New Kahilu Theatre brings it on
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“He would be so happy,” said Barbara Campbell of Waimea, speaking of the late Richard Smart at Kahilu Theatre’s pre-opening reception on Friday. She and husband Charles fondly remember watching Smart perform on the stage he built in 1981 until his last curtain call in 1991.
In September, after a one-year “intermission” for budget and organizational re-boot, the Theatre will present its 2013-14 season with 22 different performances, and an innovative new approach to ticket sales and community engagement.
“We signed up for all this,” said Campbell, indicating posters for the Hawaiian music series that kicks off with Kaumakaiwa Kanakaole and Kekuhi Kanahele on September 21.
“The Hawaiian music series is fabulous; I want to go to all of them,” said Phyllis Tarail of Waimea, frequent theater-goer with husband Joel Cohen.
“We just became members so we’re trying to decide what else to see,” she said. “I’m really pleased they changed the pricing, so you can see some shows for $20, and so more people can come.”
“I spent all afternoon on the internet, looking up You Tube videos for the other artists that I wasn’t as familiar with,” said Campbell. “They have some wonderful performers on tap.”
From Hawaii Island, Grammy winning Honokaa Jazz Band and the Kona Music Society share an eclectic schedule with blues and bluegrass, Celtic, cirque, and classical piano, dance by Rhythmic Circus and Rasta Thomas’ Bad Boys, plus other quality performing artists from Hawaii and around the world.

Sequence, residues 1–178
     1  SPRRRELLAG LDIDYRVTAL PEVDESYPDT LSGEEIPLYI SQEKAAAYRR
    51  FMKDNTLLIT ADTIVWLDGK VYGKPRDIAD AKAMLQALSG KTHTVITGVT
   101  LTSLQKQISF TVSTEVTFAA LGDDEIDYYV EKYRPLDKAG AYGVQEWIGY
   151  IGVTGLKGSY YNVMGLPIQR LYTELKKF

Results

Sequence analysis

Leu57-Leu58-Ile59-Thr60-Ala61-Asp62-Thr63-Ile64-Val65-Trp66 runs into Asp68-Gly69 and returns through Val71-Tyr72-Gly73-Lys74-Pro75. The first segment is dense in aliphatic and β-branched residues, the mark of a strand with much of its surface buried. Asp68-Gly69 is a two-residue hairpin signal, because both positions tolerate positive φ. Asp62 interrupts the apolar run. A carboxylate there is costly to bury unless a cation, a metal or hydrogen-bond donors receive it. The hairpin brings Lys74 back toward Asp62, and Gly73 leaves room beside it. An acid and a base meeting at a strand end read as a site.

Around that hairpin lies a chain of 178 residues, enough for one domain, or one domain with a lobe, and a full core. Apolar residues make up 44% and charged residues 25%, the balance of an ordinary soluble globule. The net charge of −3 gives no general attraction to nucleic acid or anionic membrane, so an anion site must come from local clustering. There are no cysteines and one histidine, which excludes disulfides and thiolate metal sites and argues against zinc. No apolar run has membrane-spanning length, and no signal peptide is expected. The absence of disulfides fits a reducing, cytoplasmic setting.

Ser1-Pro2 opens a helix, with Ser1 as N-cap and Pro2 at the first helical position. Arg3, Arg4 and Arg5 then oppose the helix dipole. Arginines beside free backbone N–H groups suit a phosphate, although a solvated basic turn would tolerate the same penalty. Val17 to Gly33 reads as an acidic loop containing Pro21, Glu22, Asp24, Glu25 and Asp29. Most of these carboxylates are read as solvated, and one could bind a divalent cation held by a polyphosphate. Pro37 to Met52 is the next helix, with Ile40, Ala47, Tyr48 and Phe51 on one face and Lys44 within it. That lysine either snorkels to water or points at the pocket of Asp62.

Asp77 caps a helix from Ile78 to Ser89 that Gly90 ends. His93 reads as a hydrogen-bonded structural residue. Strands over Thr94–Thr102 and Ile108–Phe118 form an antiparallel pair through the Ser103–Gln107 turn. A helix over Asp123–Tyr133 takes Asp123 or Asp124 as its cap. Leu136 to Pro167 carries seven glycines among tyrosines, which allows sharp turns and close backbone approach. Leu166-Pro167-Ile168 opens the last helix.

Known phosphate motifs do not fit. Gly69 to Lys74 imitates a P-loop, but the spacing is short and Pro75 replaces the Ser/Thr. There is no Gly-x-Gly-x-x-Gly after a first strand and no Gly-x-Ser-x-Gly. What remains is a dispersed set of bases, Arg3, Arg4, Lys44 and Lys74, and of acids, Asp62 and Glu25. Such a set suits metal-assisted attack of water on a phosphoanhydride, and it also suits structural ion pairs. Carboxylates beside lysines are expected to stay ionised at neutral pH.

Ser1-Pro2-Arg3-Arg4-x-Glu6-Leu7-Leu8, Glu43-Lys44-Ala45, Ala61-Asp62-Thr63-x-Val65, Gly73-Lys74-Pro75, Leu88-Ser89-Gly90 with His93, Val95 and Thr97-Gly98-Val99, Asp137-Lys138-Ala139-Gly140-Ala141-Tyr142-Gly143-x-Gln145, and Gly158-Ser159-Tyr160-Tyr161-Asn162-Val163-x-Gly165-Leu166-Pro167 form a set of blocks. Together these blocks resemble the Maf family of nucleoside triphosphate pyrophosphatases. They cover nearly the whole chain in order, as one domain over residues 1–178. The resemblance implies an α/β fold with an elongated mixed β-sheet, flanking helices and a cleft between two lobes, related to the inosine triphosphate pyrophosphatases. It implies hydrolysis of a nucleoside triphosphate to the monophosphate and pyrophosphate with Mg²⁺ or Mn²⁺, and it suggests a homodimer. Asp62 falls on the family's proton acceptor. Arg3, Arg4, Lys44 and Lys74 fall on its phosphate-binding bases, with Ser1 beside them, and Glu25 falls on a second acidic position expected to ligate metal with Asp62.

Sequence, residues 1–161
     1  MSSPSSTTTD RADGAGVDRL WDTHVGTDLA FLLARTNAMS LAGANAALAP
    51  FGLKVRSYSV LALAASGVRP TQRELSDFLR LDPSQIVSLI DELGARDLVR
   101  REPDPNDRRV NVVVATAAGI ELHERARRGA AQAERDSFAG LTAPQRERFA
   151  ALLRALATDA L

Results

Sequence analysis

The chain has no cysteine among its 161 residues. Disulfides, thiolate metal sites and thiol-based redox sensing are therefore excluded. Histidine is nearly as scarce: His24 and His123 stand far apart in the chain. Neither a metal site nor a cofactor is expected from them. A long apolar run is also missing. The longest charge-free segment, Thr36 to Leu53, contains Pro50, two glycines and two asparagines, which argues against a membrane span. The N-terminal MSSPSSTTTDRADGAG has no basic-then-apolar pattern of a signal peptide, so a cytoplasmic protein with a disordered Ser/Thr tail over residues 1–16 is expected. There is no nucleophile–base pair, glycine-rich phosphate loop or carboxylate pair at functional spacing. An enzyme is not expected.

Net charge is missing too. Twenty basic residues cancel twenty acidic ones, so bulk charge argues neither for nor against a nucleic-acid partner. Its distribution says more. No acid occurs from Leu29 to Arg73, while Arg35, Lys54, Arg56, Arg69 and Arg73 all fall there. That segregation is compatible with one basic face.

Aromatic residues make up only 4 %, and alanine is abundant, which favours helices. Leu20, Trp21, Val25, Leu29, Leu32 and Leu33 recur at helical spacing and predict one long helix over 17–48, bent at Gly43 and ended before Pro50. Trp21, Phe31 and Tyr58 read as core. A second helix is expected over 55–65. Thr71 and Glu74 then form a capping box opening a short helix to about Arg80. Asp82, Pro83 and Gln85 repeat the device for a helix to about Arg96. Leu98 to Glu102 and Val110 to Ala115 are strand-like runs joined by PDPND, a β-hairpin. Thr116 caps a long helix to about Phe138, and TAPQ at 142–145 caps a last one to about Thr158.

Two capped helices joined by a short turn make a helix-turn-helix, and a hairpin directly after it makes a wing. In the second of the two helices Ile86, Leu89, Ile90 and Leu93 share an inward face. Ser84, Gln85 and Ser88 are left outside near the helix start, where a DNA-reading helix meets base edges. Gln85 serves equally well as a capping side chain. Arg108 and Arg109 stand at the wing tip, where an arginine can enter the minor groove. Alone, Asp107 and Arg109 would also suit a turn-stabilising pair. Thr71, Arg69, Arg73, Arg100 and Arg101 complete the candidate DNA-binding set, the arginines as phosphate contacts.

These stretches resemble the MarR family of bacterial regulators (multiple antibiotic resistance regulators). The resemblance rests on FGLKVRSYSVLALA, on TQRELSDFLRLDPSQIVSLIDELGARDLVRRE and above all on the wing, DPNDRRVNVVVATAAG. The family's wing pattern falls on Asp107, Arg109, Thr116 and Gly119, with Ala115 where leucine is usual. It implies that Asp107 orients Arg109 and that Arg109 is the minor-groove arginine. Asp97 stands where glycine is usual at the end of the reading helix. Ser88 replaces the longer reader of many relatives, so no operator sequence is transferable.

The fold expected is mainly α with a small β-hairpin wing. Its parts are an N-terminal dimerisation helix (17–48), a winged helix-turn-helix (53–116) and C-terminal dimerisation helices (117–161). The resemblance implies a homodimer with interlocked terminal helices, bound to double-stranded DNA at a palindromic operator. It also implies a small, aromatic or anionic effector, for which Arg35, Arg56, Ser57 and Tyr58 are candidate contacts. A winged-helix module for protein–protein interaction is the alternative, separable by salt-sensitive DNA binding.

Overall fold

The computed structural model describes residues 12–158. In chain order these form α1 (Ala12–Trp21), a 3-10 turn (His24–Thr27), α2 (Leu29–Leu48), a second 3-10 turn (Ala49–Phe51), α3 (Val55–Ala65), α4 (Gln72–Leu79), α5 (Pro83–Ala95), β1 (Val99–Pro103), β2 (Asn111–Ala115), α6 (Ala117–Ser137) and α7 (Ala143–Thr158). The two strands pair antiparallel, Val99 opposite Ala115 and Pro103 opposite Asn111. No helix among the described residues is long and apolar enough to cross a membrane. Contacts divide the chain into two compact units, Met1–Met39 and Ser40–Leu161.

“I’m thrilled that Kahilu Theatre is reopening,” said Stephanie Donoho, tourism specialist with the Hawaii Tourism Authority and the County of Hawaii Product Enrichment Program. “I’m of course most excited about the Ukulele and Slack Key Guitar Institute (Nov. 15-16) because we are sponsors, but personally, I’m also really looking forward to the Keb’ Mo’ concert.”
“I’m really excited about ‘The 25th Annual Putnam County Spelling Bee,’” said board member Jane Sibbett (who will direct “The Vagina Monologues” at Kahilu again next spring). “When I saw it in New York I was flat-out across three seats laughing so hard,” said Sibbett. “The man behind me said to be quiet.”
“I love it because it’s a great musical,” said board member Beth Bornstein Dunnington who will direct Tony-winning “Spelling Bee” in January. “It’s very kid-friendly and we can use teens in the cast.”
The first Kahilu-produced musical since Richard Smart trod the boards 22 years ago will hold open auditions later this year, and young actors are particularly encouraged to come and read.
Michael Bonahan, board vice president of external affairs, said that he’s looking forward to all of the performances, particularly world music and “historical music.” To him, with the exception of our excellent Hawaiian music, the community doesn’t often have access to concerts that are deeply-rooted, culturally.
“In music you find the cultural underpinnings that are crucial to all cultures—soul, heart, integrity, expression, emotion,” said Bonahan. “Young people look to pop culture, television, the Internet, and get stuff that is packaged for them; they’re not going to see the truth.”
Truth is, Kahilu is back. After listening to community input and a serious re-energization, they are now more than ever ready to share the arts with Waimea.
“Richard Smart created the Theatre for Waimea and that means all of Waimea,” said board member Zaheva Knowles. “We encourage people who haven’t been here before to come and experience Kahilu Theatre—and bring the kids. We have a whole series of kid-friendly shows.”
Kahilu’s new three-tier membership allows for discounted tickets, exclusive events and other opportunities. Family memberships start at $50 for two adults and two children. Some tickets for all performances will be available for $20 or less. Season tickets, build-your-own “mini season” tickets, memberships and tickets to individual shows will be available for sale online starting tomorrow, Friday Aug. 9, at www.kahilutheatre.org.